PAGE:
• http://www.victoriahealth.com/ Victoria Health

    Hi Sarah, Sage Complex will help to tackle brain fog over a period of time as it takes effect however you can use specific supplements such as Neubria’s Edge for clarity of thought and concentration.
    Best wishes,
    Shabir

  • Sarah H

    Ok great thank you. I will try it!

  • sue p

    Hi Shabir, I’m 51 with a history of severe endometriosis and ovarian cysts, and have a Mirena that is 4 years old. I haven’t had a period for 2 years and have started to have hot flushes, dry and sensitive skin, flaky nails, joint pain, irritability, low libido and ‘brain fog’. My GP suggested Premarin but I developed breast cysts and PMS when I took 0.3mg each day, but now I take just 1 tablet a week so that controls the flushes. I’m cautious about oestrogen, but would Sage complex be helpful, or not advisable because of the oestrogen aspect? I’d welcome any advice!

  • http://www.victoriahealth.com/ Victoria Health

    Hi Sue, if you have found that one tablet a week of the Premarin is controlling the flushes then I would recommend that you continue to use this as this sort of dosage is not going to be detrimental to the body.
    Best wishes,
    Shabir

  • http://www.victoriahealth.com/ Victoria Health

    Hi Carroll, what remains clear is that countless people who have been prescribed serotonin enhancing medications do get relief from the symptoms of anxiety and depression even if there may be other side effects associated with these drugs. Trying to achieve female hormonal balance through the use of herbs that mimic the female sex hormones is in my opinion a good route to consider if this happens to be the cause. Obviously there are herbs such as Magnolia which are known to help reduce stress hormone levels and they may well be worth a consideration. Until this is proven otherwise, we still have to go by this theory.
    Best wishes,
    Shabir

  • http://www.victoriahealth.com/ Victoria Health

    Hi Vanessa, it is the imbalance between the female sex hormones that may result in a variety of concerns. Certainly when women give up the pill, spots and skin flare ups are a common concern which gradually normalises over time though this can take in some cases several months. Certainly cortisol is an inflammatory hormone that also disturbs the female sex hormones which further compounds to some of these concerns. May I suggest that you consider the use of Sage Complex to try and achieve hormonal balance since phytoestrogens work to mimic the female hormones and so when there is a deficiency this mimicking action is of benefit and also when there is an abundance (which can cause problems) these compounds lock onto the same receptor sites so as to prevent oestrogen dominance.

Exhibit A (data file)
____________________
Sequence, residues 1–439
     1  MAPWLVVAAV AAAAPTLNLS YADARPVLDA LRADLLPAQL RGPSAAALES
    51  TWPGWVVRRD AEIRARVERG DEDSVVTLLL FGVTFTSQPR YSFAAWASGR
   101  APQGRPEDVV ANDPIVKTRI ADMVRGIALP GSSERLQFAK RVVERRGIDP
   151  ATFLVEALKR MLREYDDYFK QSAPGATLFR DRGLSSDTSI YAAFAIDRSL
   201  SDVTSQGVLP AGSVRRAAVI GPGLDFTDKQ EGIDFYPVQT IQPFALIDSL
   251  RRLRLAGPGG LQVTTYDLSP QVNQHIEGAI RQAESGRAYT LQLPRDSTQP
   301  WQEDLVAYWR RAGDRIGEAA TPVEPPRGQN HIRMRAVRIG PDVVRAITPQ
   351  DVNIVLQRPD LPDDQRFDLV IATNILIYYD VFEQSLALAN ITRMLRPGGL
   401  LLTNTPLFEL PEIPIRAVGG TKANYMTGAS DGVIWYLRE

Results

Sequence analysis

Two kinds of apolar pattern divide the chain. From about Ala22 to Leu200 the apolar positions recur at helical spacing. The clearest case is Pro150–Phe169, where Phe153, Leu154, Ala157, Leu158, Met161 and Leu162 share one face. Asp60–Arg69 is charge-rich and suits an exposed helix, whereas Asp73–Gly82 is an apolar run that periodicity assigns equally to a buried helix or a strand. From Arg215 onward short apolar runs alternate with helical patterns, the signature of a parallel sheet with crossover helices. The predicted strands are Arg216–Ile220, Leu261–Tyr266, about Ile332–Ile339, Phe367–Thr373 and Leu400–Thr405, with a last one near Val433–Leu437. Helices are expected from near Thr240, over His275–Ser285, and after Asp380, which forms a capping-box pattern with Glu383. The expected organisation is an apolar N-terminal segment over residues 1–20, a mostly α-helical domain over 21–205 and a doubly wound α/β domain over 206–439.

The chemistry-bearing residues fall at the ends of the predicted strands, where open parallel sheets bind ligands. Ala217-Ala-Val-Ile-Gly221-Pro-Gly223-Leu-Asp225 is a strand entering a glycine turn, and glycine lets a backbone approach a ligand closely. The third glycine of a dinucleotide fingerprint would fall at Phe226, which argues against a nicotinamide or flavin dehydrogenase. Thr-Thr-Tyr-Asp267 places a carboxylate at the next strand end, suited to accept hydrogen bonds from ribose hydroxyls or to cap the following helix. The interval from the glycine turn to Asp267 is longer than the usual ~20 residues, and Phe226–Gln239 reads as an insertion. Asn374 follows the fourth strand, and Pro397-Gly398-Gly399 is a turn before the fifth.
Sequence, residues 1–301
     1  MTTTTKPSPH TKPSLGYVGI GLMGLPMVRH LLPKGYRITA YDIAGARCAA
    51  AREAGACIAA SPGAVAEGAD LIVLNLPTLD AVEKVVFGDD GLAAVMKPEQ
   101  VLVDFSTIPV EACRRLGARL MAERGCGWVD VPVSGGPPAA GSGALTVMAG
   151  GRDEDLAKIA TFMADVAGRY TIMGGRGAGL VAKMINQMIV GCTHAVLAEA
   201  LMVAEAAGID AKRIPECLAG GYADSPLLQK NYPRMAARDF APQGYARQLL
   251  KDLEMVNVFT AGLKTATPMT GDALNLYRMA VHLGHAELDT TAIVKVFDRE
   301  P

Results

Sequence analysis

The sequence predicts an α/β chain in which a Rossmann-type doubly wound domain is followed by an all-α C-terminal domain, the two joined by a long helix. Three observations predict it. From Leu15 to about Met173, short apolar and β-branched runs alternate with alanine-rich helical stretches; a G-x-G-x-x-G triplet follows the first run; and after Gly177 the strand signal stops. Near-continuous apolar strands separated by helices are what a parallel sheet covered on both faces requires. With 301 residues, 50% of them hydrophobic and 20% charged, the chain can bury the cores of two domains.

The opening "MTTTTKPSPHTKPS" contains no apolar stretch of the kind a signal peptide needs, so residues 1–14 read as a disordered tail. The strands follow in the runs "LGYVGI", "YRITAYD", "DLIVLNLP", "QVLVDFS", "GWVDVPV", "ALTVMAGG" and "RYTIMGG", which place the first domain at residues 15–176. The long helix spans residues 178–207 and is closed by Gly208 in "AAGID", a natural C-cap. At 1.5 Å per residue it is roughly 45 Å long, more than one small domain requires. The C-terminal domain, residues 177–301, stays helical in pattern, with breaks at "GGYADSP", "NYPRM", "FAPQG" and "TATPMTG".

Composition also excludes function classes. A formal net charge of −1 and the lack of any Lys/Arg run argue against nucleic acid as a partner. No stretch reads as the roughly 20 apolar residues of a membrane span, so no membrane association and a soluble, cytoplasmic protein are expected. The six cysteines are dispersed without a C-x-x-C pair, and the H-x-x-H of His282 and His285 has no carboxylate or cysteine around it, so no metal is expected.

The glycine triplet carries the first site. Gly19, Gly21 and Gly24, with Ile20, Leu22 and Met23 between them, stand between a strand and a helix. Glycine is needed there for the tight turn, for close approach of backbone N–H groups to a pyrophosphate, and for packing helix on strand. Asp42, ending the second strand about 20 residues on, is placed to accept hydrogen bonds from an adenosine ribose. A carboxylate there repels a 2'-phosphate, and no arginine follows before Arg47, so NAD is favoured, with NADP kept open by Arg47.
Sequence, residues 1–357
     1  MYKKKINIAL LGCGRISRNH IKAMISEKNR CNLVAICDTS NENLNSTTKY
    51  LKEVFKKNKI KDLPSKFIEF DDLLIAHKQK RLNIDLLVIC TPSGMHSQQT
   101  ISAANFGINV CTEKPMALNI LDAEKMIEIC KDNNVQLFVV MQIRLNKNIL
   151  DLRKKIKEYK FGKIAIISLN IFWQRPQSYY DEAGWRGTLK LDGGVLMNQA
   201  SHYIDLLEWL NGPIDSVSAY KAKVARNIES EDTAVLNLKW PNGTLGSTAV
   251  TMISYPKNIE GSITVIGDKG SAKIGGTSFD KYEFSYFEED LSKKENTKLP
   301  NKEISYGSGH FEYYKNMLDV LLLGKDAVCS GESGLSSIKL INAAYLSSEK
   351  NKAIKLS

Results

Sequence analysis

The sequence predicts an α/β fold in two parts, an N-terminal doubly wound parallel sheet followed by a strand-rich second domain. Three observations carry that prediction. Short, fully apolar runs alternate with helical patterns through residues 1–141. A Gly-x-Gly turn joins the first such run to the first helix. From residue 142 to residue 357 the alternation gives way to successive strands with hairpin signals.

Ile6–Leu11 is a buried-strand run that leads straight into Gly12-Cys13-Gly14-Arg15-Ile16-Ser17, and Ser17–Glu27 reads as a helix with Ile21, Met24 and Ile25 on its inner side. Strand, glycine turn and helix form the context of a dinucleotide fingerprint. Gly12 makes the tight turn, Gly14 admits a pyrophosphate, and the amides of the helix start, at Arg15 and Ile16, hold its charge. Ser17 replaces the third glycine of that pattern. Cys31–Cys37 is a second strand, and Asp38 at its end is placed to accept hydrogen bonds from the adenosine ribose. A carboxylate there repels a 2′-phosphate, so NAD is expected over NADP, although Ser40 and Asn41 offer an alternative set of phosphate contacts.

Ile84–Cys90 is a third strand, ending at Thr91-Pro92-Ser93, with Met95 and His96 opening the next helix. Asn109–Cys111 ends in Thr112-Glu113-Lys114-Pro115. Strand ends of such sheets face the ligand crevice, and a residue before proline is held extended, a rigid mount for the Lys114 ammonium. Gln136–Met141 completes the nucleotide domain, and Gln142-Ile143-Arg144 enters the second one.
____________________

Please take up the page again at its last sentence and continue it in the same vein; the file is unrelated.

You might also wish to consider the use of Waterfall D-Mannose tablets which work to both prevent and treat any infections whilst also working to reduce inflammation making them useful for interstitial cystitis too.
    Best wishes,
    Shabir

  • Vanessa

    Thank you for your detailed response, Shabir. I have used D-Mannose in the past with success – they work better than the medications my GP prescribes! :) I will give the Sage Complex a try.

    Best wishes,
    Vanessa

  • http://www.victoriahealth.com/ Victoria Health

    Hi Vanessa, glad to hear the positive feedback on D-Mannose. Please keep us informed as to the outcome of introducing Sage Complex into your regimen if you can.
    Best wishes,
    Shabir

  • Vanessa

    Will do, just waiting for it to arrive! :)

  • Gabrielle

    Hi Shabir, really interesting article and I was hoping for some advice. I’m 38 and my husband and I are currently trying for our first child. I’m currently taking a prenatal, vitamin d and fish oils – Is sage complex something that you would recommend taking alongside my other supplements and is it safe to use during pregnancy?